Calif. Families McBride Arthur Thomas & Elva Telephone Connection
last updated 21 Aug. 2020

Family involvement in electronic communication from telegraph to barbed wire transmission lines to fiber optics.

Several members of our family have had jobs with the telephone company.
Gramp was secretary and business manager of the Antelope Municipal Telephone Association, Thomas (Sandy) maintained the farmer lines, Wesley was a network engineer for Pacific Bell for 42 years, Keith worked as a frame man in Sacramento for 3 summers in the early 1960’s, Margaret was a service rep in Sacramento for 5 years during the 1960’s and I worked as a statistician in Sacramento and software developer in San Francisco in the late 60's for Pacific Bell. In 1973 I was sent to Bell Labs, the R&D arm of the old AT&T on a 2-3 year rotational assignment and ended up staying 45 years.

See Telephone Companies History

Actually the family connection with communications started in 1847 when Samuel Finley Breese Morse our 8th cousin 2 times removed, patented the first commercially viable telegraph system and invented the Morse Code.
The American Telephone and Telegraph Company (AT&T) was formed from the merger of Morse's telegraph company and Alexander Graham Bell's (another Scot) telephone technology.

See "How the Scots Invented the Modern World: The True Story of How Western Europe's Poorest Nation Created Our World & Everything in It" by Arthur Herman, 2002.

In a 2016 shoot out on the Jay Leno show our cousins 170-year-old communication technology proved to be faster than current technology.
See two ham radio operators using Morse code with telegraph keys against two guys using texting on their smartphones. Video

In 2011, when my son and daughter-in-law were planning their wedding in the Hudson Valley in New York, where she grew up, I proposed Morse's Locust Grove Estate overlooking the scenic Hudson River in Poughkeepsie, NY, which is available for weddings, but it was too far Rhinebeck where Brooke was from.

Antelope Farmer Lines:
Farmer lines were common in rural areas which were not profitable for larger companies like Pacific Tel (A Bell System company) and Roseville Telephone (An independent company) under regulated rates designed for suburban areas.
The Antelope Municipal Telephone Association was formed with Ray Gould a president, Gramp as secretary, and Thomas (Sandy) as the installer and lineman (Installing the lines.)
See Antelope Mutual Telephone Association

Many times, barbed wire fences were used as transmission lines.
This was especially true during the war (WW II) when wire and other metal products were dedicated to the war effort.
Some lines were on poles, so Sandy had some climbing irons and a climbing belt to go up poles and attach the lines. We still have them at our cabin and have used them for tree trimming. I couldn't find pictures of Dad so I went up a pole myself.

A majority of Bell System subscribers in the mid-20th century were serviced by party-line service, so up to 20 people could be connected to one pair of wires. Private lines were expensive.
Every household had phone # with an exchange name and a one-letter code e.g. Antelope-M.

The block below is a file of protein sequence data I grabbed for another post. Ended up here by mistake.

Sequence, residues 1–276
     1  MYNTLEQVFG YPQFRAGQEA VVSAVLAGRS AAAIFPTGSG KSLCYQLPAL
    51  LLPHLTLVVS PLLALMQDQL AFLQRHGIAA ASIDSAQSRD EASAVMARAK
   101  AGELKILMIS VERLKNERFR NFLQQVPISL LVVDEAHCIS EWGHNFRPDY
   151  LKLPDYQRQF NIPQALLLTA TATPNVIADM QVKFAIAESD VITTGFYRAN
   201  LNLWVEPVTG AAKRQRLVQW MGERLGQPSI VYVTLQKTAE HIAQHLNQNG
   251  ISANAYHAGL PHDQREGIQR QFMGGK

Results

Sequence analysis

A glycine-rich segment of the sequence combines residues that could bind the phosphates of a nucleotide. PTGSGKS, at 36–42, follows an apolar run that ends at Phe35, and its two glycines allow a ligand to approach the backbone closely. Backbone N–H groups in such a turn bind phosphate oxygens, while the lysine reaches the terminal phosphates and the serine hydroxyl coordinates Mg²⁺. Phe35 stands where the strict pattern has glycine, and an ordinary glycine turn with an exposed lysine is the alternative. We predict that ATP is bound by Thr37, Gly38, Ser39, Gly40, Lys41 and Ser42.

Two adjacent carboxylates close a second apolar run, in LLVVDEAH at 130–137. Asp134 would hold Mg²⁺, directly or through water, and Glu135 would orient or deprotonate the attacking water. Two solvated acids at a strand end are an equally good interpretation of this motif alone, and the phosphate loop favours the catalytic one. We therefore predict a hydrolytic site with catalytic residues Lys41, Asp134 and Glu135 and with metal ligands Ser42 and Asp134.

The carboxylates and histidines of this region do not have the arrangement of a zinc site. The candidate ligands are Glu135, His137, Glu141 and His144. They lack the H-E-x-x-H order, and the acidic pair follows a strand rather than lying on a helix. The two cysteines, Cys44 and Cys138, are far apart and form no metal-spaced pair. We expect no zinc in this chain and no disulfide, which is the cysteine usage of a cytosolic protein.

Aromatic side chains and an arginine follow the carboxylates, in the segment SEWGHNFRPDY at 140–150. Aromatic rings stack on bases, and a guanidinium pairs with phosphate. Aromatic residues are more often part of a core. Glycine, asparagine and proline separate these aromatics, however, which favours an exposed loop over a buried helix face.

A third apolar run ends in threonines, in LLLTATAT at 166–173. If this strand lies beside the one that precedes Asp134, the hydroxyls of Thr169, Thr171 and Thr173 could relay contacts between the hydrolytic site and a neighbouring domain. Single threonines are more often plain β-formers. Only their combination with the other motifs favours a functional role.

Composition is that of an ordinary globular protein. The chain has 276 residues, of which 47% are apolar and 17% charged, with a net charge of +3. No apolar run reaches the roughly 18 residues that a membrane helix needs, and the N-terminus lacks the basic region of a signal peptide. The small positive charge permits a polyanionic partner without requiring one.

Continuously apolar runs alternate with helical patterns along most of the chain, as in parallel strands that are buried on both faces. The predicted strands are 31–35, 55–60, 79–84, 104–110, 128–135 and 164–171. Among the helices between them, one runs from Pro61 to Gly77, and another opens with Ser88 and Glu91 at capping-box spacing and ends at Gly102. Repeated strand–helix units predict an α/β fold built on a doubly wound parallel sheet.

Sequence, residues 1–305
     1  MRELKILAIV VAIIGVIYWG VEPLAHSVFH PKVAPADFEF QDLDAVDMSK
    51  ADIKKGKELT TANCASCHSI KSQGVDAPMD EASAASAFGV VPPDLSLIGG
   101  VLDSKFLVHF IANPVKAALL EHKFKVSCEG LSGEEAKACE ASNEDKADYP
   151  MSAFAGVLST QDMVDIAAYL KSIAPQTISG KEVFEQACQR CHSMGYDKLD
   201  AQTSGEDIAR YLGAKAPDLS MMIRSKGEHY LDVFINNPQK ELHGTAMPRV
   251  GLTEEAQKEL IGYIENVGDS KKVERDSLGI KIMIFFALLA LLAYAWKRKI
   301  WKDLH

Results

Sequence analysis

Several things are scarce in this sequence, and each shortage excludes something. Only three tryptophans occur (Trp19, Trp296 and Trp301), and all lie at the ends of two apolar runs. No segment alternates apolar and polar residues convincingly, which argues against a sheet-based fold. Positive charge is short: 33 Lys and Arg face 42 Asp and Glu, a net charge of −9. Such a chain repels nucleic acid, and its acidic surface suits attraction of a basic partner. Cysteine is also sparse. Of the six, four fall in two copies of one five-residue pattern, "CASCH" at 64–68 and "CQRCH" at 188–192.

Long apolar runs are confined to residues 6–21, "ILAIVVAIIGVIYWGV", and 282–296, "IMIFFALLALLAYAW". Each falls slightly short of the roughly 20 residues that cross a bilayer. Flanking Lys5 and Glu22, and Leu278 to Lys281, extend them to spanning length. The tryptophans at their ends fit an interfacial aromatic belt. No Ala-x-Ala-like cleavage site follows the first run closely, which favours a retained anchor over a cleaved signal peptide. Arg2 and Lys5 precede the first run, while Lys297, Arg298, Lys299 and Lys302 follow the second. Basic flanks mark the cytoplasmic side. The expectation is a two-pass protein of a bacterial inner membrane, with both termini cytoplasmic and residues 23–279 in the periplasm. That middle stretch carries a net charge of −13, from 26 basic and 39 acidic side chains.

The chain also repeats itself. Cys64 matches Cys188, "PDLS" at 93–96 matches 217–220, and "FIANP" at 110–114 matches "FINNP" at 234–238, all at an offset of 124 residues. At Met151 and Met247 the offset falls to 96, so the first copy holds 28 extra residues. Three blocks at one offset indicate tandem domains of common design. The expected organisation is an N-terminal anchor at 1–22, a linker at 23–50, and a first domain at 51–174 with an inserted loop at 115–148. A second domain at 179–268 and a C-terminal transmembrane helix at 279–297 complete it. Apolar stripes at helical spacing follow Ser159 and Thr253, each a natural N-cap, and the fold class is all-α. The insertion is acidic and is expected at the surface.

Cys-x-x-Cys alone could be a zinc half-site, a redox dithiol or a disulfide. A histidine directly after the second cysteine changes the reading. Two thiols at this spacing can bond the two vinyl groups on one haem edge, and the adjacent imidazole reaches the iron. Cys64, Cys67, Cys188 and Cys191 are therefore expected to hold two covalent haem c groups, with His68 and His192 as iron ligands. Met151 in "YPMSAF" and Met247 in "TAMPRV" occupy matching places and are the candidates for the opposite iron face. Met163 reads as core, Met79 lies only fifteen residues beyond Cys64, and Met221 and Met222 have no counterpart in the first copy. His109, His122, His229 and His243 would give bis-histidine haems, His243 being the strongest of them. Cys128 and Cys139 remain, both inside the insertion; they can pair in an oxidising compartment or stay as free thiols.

People had magneto phones, where you turned a crank which rotated a wire coil between to large magnets to generate a ringing voltage which caused everyone's phone to ring.
You rang out a code which went to everyone on the line and you knew the call was for you based on the Morse code for your letter e.g. 2 long rings for M, Of course, everyone could listen to other's conversations.

The line was connected to a Roseville Telephone Switchboard operator who you could contact to make a call to Roseville or long distance.
Eventually a switchboard was put in at the Antelope Store.

Designing the network which Gramp and Dad did had one advantage, you had control over the connection to Roseville Telephone. Gramp had a switch to disconnect local customers when he wanted to have a private conversation with someone in town. He would occasionally forget to turn the switch back on. When someone would come to the ranch to say their line was down, he'd say he would ask Sandy to check it out, wait a while and flip the switch back on.

The Roseville Telephone Company, an independent company run by the Doyle family, was not associated with Pacific Bell, which was part of the Bell System under the original American Telephone and Telegraph Company (AT&T) which covered most of the country.
See Telecommunications Technology History at

Northern California Outside Plant Engineering:
Wesley was a network engineer for the Northern California Region of what was then Pacific Telephone, now AT&T.

Telephone cable was expensive to manufacture and install.
One of his jobs was to minimize cost over the long run and maximize flexibility to handle future growth.
The Central Office contained a switch that replaced the switchboard operators to connect calls in your local area or send the call over trunks to a hierarchal network of switches which provided long-distance service connecting the whole country and eventually the world.

Bell Labs Software:
In the '90's I worked at Bell Labs and Bellcore, the software division of Bell Labs spun off at the breakup of the Bell System in 1984. with a team designing a new Planning and Engineering Software System, that would automate much of the work and eliminate much of the paper involved in Wesley's job. It included provisions for fiber optic networks which were the future of voice and data transmission.